How do you control White Clover around your Fruit Trees? Apple and peach trees. Clover seems invasive. When I spray when clover is in bloom the bees get it


#82

Before responding, I feel that I should apologize to @tennessean for having inadvertently derailed his thread. Not sure how that happened, hopefully we’ll get back on topic eventually.

Like I said, Alan, I understand where you’re coming from, and I’m not unaware of the difficulties of growing peaches in the Northeast.

Respectfully, though, I think you’re being overly narrow in the way that you define “satisfactory success” with unsprayed peach trees and overly broad in the way that you talk about “the humid region.”

On the first point, different people may be satisfied with different things. The quality of fruit and consistency of harvest that you and Olpea need to satisfy your clients and customers and keep your businesses going may be very different from what I may need to satisfy myself as a hobby grower/gardener (which is what I am, and what many other members of the forum are, too). And of course, what I find worthwhile as a gardener may be very different from what other gardeners might find worthwhile.

On the second point, while it may be useful on one level to distinguish between humid and arid growing regions, it goes without saying that those are very broad categories and that the conditions Olpea (for example) is dealing with in his part of the Midwest are significantly different from those that I am dealing in my part of New England (for instance). Even within New England (for instance), the growing conditions where I live in Western Mass are significantly different from the conditions where my grandparents lived in New Hampshire, with their part of NH having significantly colder winters, shorter growing season, sandier and more acidic soil, etc. This is not to say that I think that I somehow live in a magical peach-growing region (I don’t), it’s just to say that it seems to me that talking about “the humid region” may be painting with too broad a brush.

What I’m trying to say is that in making our own decisions, we need to consider our own particular situations. For me, the calculation looks like this.

A. My wife wants to grow a peach tree.

B. I am aware that it can be difficult to grow peaches in this area, particularly if you don’t spray them.

C. I have concluded that spraying trees is not a good option for me for a variety of reasons, including:

Proximity to our house. We have a small yard, so any tree that I plant will necessarily be within twenty feet of our house if not significantly closer. Due to family health concerns which I am not going to go into here, spraying that close to our living area would be a non-starter.

Proximity to neighbors’ houses. Any tree that I plant will be within fifty feet (if not significantly less) of one or more of our neighbors’ houses, several of whom might reasonably object to my spraying them. (Again, health concerns that I am not going to go into here.) Due to my desire to keep up good relations with my neighbors, spraying that close to their living areas would be a non-starter.

Expense. Again, I’m aware that peaches can be difficult to grow in our part of New England. While some of the difficulties can be mitigated by spraying, others (frost, squirrels, especially in a residential area) can’t. With that in mind, while I’m happy enough to pay thirty bucks or so for a peach tree, I’ve concluded that even if I could spray (which I can’t), it wouldn’t be a good investment for me to buy the sprayer and chemicals necessary to do so.

Lack of knowledge/skill/interest. Just being honest with myself, I know that I don’t know how to spray effectively, don’t have the practical skills required to spray effectively, and - most importantly - don’t really want to put the work into learning. That’s not to say that I am universally a slacker when it comes to gardening, because there are lots of other places where I am willing to put the work in. Spraying just isn’t one of them.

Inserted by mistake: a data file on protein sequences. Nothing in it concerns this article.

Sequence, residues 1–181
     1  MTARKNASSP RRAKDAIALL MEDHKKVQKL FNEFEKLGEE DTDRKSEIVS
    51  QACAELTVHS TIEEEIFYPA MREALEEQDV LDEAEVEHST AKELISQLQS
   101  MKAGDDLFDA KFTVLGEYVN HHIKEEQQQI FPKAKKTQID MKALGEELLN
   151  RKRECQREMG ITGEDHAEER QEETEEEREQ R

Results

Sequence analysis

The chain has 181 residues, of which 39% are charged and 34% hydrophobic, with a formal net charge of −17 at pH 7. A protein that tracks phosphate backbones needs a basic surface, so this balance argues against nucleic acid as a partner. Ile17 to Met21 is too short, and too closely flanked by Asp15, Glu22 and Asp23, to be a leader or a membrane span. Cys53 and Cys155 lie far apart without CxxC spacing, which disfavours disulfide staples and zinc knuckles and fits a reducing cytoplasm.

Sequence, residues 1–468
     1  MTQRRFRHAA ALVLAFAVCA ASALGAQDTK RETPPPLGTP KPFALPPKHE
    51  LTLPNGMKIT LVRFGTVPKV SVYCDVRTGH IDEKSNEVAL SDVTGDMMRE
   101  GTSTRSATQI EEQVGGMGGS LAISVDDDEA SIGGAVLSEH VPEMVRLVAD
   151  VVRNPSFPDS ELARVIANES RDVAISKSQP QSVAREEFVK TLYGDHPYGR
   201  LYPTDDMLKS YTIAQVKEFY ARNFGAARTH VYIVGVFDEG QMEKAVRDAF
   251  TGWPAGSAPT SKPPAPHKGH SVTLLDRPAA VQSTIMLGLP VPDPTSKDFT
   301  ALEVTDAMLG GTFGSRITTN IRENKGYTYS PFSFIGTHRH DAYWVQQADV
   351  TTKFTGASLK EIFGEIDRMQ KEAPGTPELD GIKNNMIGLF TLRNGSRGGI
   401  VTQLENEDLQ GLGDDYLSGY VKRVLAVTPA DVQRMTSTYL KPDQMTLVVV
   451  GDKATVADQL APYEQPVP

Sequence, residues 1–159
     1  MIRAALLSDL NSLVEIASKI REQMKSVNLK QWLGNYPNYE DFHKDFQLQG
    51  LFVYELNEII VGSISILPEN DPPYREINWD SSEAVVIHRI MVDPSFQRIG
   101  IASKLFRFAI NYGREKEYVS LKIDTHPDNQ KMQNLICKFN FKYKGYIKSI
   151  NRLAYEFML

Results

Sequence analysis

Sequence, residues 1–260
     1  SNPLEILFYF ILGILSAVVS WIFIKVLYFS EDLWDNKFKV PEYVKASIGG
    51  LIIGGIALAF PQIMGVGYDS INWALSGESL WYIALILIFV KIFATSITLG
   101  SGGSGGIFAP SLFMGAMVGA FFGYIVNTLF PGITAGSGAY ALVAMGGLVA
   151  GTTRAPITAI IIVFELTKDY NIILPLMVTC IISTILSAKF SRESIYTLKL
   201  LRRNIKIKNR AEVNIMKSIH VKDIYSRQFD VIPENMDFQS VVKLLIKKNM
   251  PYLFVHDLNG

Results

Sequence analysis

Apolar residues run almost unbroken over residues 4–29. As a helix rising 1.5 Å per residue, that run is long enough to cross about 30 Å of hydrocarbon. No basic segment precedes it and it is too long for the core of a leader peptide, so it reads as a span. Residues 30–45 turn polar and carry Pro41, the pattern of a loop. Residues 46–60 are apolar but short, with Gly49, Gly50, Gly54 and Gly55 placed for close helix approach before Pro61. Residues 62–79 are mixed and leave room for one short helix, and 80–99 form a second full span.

D. All that being said, I’m also aware that several people in our neighborhood grow largely untended peach trees that are apparently healthy, have pretty blossoms in the spring, and at least occasionally produce peaches that the owners seem to be happy with. It seems rational to suppose that if I put some thought and effort into taking care of my tree, I might be able to have a similar degree of success, even if I don’t spray.

E. That being said, I’m aware that I might not. C’est la guerre. As a longtime fan of the Detroit Lions, I believe that I am psychologically well-suited to growing unsprayed peach trees in New England.

So, essentially, in the context of growing a bunch of other things in our small yard, I’m growing a single peach tree as a lark (to use your words). You may think that’s not what this forum is about, but I would beg to differ, because one of the things that I find valuable about this forum is the variety of perspectives and experiences that people have to offer. Some people are growing fruit as part of their business. Some people are growing fruit to feed their families. Some people are growing fruit to amuse themselves. And of course different people have different mixes of motivations. As far as my peach tree is concerned, I am growing it primarily for the fun of it and what you might call the rooting interest (win or lose), but that doesn’t mean that I have no interest in information about things like variety selection, pruning, training, etc. I’m just not going to spray it. That’s a rational decision on my part, given my particular situation and motivations. I’m aware of the downside and I’m ok with it.


#83

I still don’t think you understand me. I’m not suggesting your experiences in growing a single peach tree can’t be instructive, I was objecting to inserting hearsay, because I think it can be misleading and cannot be questioned about the details.

If you have more drought there than we have here, it could make all the difference, I used to have a customer that got good peaches with no spray back when we were having dry growing seasons more frequently, or were in that pattern.

His was a Harcrest peach, which is brown rot resistant and the property was out in the open up on a hillside with dawn to dusk sun, essentially what most commercial orchards have but not most home orchards.


#84

Well I could add a bit about growing peaches and inorganic vs organic to the title but somebody might say that the title is too long. BTW, I do not understand why I did not receive a badge for having the longest title in “Growing Fruit” forum history. :grinning: Its all good though.

Regarding spraying fruit trees, this spring I have been mostly using a hose end sprayer. Fortunately I have a well and hydrant close enough to my few trees to allow me to do this. I have found that it is much less work with a hose than with a backpack sprayer. Of course I realize that with a commercial operation or a situation where the trees are a distance from a well that would probably not be possible.